Russell “Maroon” Shoatz, a Black Panther, was released from jail in Pennsylvania last week when a judge granted him compassionate release after nearly 50 years behind bars. Shoatz, 78, was released on October 26 after serving 49 years in jail, including more than 22 years in solitary confinement.
Shoatz, a member of the Black Liberation Army and a Black Panther, was condemned to life in prison without the possibility of parole in 1972 for an attack on a Philadelphia police station in August 1970 that killed one officer, Frank Von Colln, and injured another. Shoatz and five other Black revolutionaries were convicted and sentenced for Von Colln’s murder after the incident. According to the Philadelphia Inquirer, a sixth guy was acquitted at trial in 1998 after being apprehended in 1996 after 26 years on the run.
In the 1970s, when the struggle of Black liberation warriors in the United States was at its pinnacle, everything was radical and bloody. The violence was sparked by persistent bigotry and contempt for Black people’s rights, despite laws protecting the race after more than 200 years of enslavement.
The liberation fight gave birth to militant groups like MOVE, founded by John Africa in Philadelphia in 1972, and the Black Panther Party, created by Huey P. Newton and Bobby Seale in late October 1966, based on their experiences working with a number of Black Power organizations. Members of militant groups later classified as terrorist organizations were killed for their aggression toward racism and police brutality, while others were jailed, some for crimes they never committed, as members of the police force were killed in Black communities for using excessive force and killing Black people.
Shoatz, a member of the Black Panther Party, escaped prison twice, in 1977 and 1980. This earned him the moniker “Maroon,” which refers to a subset of “runaways” who fled enslavement and subjugation from white people, in favor of establishing communities in difficult regions where Whites were less inclined to pursue and enslave them.
When Shoatz was apprehended after his second escape, he lobbied lawmakers to overturn life sentences without the possibility of parole, according to The Guardian. In 1983, he was elected President of the Pennsylvania Association of Lifers, and in 1992, the Pennsylvania Department of Corrections sentenced him to 22 years in solitary confinement.
After successfully completing a step-down program, he was eventually freed from solitary confinement in 2014. Shoatz filed a lawsuit against the Department of Corrections in the state, alleging “cruel and unusual” treatment. Shoatz stated in his deposition, published by The Guardian, that his limited housing unit cell had “about 84 square feet of floor space,” but that “the presence of the steel bunk and toilet diminished the actual area whereby one could move” to roughly 58 square feet.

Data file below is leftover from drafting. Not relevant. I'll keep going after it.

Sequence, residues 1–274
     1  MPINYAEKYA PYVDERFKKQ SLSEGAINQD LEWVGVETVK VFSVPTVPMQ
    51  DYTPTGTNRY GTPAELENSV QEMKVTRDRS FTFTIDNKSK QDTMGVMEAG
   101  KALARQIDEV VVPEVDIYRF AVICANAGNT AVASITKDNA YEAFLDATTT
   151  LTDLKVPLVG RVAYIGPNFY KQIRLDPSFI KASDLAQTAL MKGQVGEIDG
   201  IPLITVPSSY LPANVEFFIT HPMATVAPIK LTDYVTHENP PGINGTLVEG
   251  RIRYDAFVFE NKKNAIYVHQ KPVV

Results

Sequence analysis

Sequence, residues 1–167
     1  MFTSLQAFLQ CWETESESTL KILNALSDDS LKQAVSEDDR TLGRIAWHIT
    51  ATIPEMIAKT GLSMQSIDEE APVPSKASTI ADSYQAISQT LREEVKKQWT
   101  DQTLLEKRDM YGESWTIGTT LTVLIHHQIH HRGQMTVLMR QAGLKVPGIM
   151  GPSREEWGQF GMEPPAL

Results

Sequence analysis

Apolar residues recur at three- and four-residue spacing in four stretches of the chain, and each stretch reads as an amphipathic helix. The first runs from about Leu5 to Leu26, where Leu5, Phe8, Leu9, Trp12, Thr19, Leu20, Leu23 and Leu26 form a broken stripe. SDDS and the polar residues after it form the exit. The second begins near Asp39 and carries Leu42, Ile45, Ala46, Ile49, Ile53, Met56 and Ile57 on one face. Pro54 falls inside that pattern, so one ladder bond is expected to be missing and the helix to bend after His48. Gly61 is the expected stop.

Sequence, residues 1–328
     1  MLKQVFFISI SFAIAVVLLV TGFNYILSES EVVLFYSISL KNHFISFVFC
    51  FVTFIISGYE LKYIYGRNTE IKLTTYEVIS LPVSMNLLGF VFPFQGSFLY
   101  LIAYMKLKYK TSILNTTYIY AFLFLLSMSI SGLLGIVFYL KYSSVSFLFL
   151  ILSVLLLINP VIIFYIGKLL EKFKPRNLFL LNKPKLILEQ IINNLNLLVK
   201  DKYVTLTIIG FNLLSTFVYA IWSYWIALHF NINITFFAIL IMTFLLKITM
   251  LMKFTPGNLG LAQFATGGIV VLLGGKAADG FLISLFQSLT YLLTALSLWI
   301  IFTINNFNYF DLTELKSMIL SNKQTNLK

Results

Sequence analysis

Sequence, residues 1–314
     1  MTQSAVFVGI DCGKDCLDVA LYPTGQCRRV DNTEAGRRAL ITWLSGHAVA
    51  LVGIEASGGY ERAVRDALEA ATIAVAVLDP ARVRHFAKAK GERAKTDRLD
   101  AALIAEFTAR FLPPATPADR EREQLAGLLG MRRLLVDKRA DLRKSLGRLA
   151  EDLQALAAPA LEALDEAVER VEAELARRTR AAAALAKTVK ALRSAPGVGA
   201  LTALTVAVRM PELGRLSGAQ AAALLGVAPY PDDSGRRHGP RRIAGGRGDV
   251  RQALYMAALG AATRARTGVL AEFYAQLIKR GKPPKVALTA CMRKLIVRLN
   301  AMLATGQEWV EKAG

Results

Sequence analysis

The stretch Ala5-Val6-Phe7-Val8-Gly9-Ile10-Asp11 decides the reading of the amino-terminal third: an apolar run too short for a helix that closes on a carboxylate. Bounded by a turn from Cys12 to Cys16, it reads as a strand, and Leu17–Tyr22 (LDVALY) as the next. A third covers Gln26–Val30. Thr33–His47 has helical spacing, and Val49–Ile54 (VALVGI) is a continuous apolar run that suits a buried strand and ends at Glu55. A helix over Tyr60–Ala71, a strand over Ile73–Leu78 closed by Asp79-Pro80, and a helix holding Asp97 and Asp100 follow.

Rubber strips, he claimed, surrounded his cell door and kept him locked inside for 23 hours a day. He further said that every time he departed, he was subjected to an invasive strip search. Shoatz further claimed that while in solitary confinement, he suffered from mental health issues such as sadness and anxiety. In 2016, he won his lawsuit with the help of his attorneys, including representatives from the Abolitionist Law Center, and was given $99,000 as well as a permanent relief from solitary confinement.
“Today’s conversation with Maroon was quite moving. “There are no words to adequately convey to the general public the significance of his release for him and his family,” Abolitionist Law Center Executive Director Brete Grote said at the time, adding that it was “a significant victory for a growing people’s movement against solitary confinement and the human rights violations inherent in mass incarceration.”
According to the Philadelphia Inquirer, the state instructed Shoatz that he would no longer be isolated for previous offenses and would instead be given a one-man cell in the general population.
Shoatz has been liberated five years after winning a $99,000 settlement, but according to Democracy Now, he is currently in hospice care, facing stage four colon cancer, and must receive nourishment through an IV.
“What’s in the transcripts are the evidence that the prisons don’t have the capabilities to take care of not just their healthy prisoners, they definitely don’t have the ability to take care of their geriatric prisoners, and that they have effectively killed my father,” his son Russell Shoatz III recently told the media.
Ed Pilkington, the Guardian’s chief reporter in the United States, spent two years interviewing a number of Black radicals who had been in prison since the 1970s. Some of them are MOVE members who were sentenced to 25 years to life in prison for allegedly murdering cops in 1971. Some of the imprisoned rebels have died in prison, but the rest maintain their innocence and accuse the government of biased trials, cover-ups, and a deliberate attempt to keep them in prison until they die by denying them release.